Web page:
Tuesday, June 10, 2008

Vanishing Walt Disney World, #7

The focus of World Showcase and one of EPCOT Center's most key attractions, in 1982 as well as now, was to be its' diverse group of eateries gathered around that big lagoon and presented under the auspices of being representative of some kind of cultural gathering. The names were big: three famous chefs of France, Japan's largest department store, and that famous (to Americans) Italian eatery, L’ Originale Alfredo di Roma.

Alfredo di Roma had always been a contested eatery along the lagoon, some patrons finding it excellent and others thinking they'd rather go to an Olive Garden. The food was Italian rather than Italian-American, and perhaps presented to please a palette more Mediterranean than most people patronizing the eatery. For example, the famous dish of the place, the Fettucine Alfredo, is usually presented in America as pasta tossed in a heavy creamy cheese sauce. Most Americans' experience with authentic Fettucine Alfredo was probably at this establishment, which is simply butter and cheese tossed with hot pasta. The palette may have been more subtle, but tourists are not known for their love of subtlety. Alfredo di Roma closed September 1 of last year, and one more element of the original EPCOT was gone. Here's some photos taken on August 30, 2007:

A busy waiting room // One of the smaller dining rooms

The overfilled main hall

The legend of the golden fork and spoon, wall hanging in waiting room

Badly placed tables ruin the illusion.

Waiting for the last day....

I dined at Alfredo's once, in 20o5, and found the experience a mixed bag. Although the food was memorably positive and prepared with excellent presentation, the dining hall was loud and cramped to excessive capacity with tables. Tables were placed against walls in ways which did not flatter the beautiful wall murals, and the presence of a roaming band did not help the congestion. In much the same way Disney has crammed the sedate San Angel Inn full of tables, Alfredo di Roma was a nice eatery which left a less favorable impression of being stuck in a crowded subway car.

A more recent departure has been the Nine Dragons restaurant at the China pavilion, which closed on May 30 to renovate the eatery to present a more modern view of China and Chinese food. Unlike Alfredo di Roma, which was at least contested, nobody seems to have liked Nine Dragons much, most describing the food as mediocre and overpriced (a quick glance at the menu shows an abundance of food like General Tso Chicken at triple price you'd expect for what is, realistically, fast food type dishes. Of course this isn't uncommon, let's not forget Chefs de France's $22 lunchtime hamburger). But the interior of the eatery was cozy if a bit plain, with lots of dark carved wood divider screens and big windows which were one of the prime viewing locations for Iluminations for 26 years. One of the memories I have of my first EPCOT visit is of those big dark carved wood panels, and although in the interest of full disclosure I have not eaten there in the past few years, I have made several of their dishes and found them to be reasonably good. One of the tricky balances to maintain is the identity of World Showcase pavilions' simultaneous nod towards the traditional and the modern, which is why we now have a big modern Tokyo-style sushi bar inside a 16th century palace. If the tip towards a more brightly lit, "streamlined" 2008 appearance in EPCOT restaurants is deemed grating, we should also remember to look for the earmarks of 1982 elegance on all these original establishments, from the dark woods, lush interior plantings and gestures towards a quiet atmosphere. In short, these places were more opulent than authentic even when new. Here's what Nine Dragons looked like in February 2008.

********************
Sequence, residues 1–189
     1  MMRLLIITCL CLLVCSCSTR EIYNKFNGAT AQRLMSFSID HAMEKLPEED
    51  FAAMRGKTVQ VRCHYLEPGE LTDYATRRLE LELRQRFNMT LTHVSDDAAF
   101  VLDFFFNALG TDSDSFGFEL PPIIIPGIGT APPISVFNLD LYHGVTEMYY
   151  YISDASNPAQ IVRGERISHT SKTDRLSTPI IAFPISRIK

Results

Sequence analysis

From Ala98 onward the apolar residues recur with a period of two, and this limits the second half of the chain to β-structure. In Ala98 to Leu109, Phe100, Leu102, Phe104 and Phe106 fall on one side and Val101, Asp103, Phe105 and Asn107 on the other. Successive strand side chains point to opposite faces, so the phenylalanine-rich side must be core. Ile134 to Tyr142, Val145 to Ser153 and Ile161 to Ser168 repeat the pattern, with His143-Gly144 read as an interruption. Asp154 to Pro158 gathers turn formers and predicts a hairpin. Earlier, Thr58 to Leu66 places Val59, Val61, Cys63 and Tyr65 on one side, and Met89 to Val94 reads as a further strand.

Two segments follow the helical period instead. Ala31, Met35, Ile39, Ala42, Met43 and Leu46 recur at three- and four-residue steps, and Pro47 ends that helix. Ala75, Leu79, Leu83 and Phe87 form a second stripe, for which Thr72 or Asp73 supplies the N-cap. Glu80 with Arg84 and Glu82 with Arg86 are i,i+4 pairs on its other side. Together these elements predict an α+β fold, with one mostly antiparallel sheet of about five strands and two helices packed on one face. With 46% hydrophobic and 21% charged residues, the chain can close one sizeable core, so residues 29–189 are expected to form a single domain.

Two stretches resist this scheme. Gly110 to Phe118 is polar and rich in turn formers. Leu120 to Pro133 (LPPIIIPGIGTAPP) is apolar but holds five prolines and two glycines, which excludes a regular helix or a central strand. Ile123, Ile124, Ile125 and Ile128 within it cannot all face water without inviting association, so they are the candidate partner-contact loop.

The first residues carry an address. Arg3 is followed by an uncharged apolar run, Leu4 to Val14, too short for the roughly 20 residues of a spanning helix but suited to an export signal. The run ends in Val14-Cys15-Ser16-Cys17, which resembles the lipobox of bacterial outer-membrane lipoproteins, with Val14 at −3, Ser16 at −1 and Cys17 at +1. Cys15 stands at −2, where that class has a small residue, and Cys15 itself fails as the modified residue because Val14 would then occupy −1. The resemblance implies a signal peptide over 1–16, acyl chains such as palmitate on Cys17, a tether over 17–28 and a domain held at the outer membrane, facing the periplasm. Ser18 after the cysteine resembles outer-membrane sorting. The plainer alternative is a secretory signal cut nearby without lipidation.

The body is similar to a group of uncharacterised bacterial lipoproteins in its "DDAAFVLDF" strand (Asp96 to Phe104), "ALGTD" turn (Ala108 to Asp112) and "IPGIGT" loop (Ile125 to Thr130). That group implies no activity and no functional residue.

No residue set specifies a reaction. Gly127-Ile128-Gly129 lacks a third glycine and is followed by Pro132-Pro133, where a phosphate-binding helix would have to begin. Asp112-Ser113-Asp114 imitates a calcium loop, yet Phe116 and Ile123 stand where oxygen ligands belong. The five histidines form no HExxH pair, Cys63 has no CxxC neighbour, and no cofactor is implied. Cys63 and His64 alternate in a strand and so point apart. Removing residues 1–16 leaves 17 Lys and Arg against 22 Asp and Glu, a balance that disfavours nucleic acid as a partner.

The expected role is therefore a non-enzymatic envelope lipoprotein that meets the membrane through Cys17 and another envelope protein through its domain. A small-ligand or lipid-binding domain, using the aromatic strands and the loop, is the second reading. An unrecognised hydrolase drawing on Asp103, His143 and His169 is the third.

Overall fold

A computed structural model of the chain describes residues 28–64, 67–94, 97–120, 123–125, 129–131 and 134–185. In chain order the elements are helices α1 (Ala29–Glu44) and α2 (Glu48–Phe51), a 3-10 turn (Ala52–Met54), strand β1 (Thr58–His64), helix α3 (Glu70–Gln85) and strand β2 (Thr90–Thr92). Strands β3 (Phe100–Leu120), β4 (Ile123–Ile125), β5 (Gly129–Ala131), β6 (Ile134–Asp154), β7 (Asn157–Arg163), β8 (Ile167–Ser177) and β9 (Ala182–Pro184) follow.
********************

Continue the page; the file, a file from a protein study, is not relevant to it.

Detailed ceiling in the entrance area.

The cozy interior one late afternoon day.

Time marches on....


L'il Phoenix said...

Now if only they'd make the Japanese food more authentic. Benihana-style teppan? COME ON.
My favourite restaurant at EPCOT is the Moroccan place with the show. It's secluded, a nice place to sit down, and the entertainment is great! Not to mention the delicious food...

Chuck Snyder said...

Nine Dragons wasn't open (or even yet built) in 1982. It came later. The area where it now stands was nothing more than a grassy little hill.

FoxxFur said...

Well that's strange, but right you are. Actually there was a path through the hill, but regardless... the Pavilion began originally at the department store.

Phoenix - I don't mind the Teppan tables, since they coexist with a more traditional sit-down eatery where you can get more traditional foods. You still can't get really exemplary sushi and neither place can hold a candle to Japanese eateries I know of in Orlando, but they are catering to tourists who may or may not have wanted to dine there in the first place.

Biblioadonis aka George said...

We ate at Alfredo's in 1994. We loved it.

In 1997, you could feel the difference.

By 2001, it wasn't the same.

Disney continued to crowd the restaurant with more tables.

On a much more related note, I do agree with the idea of hunting down some of the remaining touches and pieces of the original Epcot. You could turn it into a special tour!